Face to Face
On Monday I chaperoned an 8th grade visit to the Holocaust Museum in DC. On Tuesday I learned of a bill that was introduced in the Israeli Parliament that, if made law, would make it illegal for women to wear a tallit at the Kotel, potentially alienating an enormous majority of Diaspora Jewry. On Wednesday I began re-reading VaYishlach in depth, and was struck by the Milah Manchah (leading word or key word repeated throughout the story) of the portion: Panim (Face).
In VaYishlach, Jacob finally has to come to terms with his past as he encounters his brother, Esav, after more than twenty years of separation. Though the classical commentaries are apologists for Jacob’s deceptive theft of his father’s blessing (claiming that his actions are justified by his destiny as a patriarch), a close reading of the text actually leans more towards an interpretation that casts Jacob in a darker light. It is clear from the way he approaches Esav so many years later that Jacob knows he wronged his brother and feels guilty. Personally, I’d rather read it that way, because then their reconciliation is so much more meaningful, and the soul-searching that Jacob does prior to seeing Esav reflects an individual truly wrestling with his own past.
It is during the night before he sees Esav that Jacob wrestles with a physical manifestation of the divine, and of course this is no coincidence – Jacob has to face his own past, and doing this kind of spiritual reflection is indeed a way of connecting to the divine. After his wrestling match he names the place Peniel (Face of G-d), recognizing that he has faced holiness. Later, when he finally sees Esav face to face, the connection is recognized directly in verse 33:10 of Breisheet:
וַיֹּ֣אמֶר יַעֲקֹ֗ב אַל־נָא֙ אִם־נָ֨א מָצָ֤אתִי חֵן֙ בְּעֵינֶ֔יךָ וְלָקַחְתָּ֥ מִנְחָתִ֖י מִיָּדִ֑י כִּ֣י עַל־כֵּ֞ן רָאִ֣יתִי פָנֶ֗יךָ כִּרְאֹ֛ת פְּנֵ֥י אֱלֹהִ֖ים וַתִּרְצֵֽנִי׃
And Jacob said, “Don’t. If I’ve found favor in your eyes, then you’ll take my offering from my hand, because on account of this I’ve seen your face— like seeing God’s face!— and you’ve accepted me.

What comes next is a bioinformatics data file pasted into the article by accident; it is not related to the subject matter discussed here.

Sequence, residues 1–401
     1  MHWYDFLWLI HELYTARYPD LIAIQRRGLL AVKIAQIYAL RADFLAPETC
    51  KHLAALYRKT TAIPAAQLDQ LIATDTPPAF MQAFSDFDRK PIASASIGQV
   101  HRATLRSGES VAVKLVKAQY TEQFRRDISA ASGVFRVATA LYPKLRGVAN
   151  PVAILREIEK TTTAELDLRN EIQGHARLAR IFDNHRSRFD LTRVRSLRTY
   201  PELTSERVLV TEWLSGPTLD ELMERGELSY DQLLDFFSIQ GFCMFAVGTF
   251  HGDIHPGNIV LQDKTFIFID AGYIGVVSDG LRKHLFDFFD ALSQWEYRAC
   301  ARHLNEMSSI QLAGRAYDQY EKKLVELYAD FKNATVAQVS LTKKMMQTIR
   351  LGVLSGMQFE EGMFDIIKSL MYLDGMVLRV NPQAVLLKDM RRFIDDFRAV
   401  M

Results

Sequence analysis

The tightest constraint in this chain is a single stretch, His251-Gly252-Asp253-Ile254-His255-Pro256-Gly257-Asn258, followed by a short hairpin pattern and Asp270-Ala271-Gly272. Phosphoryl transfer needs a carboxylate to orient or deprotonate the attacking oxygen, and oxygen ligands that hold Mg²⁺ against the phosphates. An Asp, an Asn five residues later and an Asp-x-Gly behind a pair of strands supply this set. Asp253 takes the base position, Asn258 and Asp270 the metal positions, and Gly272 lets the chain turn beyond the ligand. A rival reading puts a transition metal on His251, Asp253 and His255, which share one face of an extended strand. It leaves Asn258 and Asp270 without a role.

Translation by Richard Elliott Friedman
One of the blessings of being part of a pluralistic Jewish community like Gesher is that all of us have the opportunity to practice face to face encounters every day. We learn from people who practice Judaism in ways that are both familiar and different. Through the practice of encountering “other,” we learn to flex the muscles tolerance and respect. Our adoption of Responsive Classroom addresses this kind of social-emotional learning directly. That, in turn, leads us to be able to do the spiritual work required to face our own mistakes, our past, ourselves, and ultimately each other.
My encounter on Monday with the horrors of the holocaust put me face to face with an enormous breach in human tolerance and respect. My discovery on Tuesday of the bill going through parliament, though of course nothing in comparison to the holocaust, was nevertheless a troubling example of a breach in Judaism in tolerance and respect. If we learn anything from Jacob and Esav, it is that finding a path forward together requires face to face encounters. I am proud to be part of the Jewish Day School movement that is teaching those skills to our children.
This Shabbat, I encourage you to talk to your children about a time when it was hard for you to face something. Something internal, another person with different approaches, a mistake from your past – help them understand how normal all of this is, and that resolution is reached through courage, not avoidance.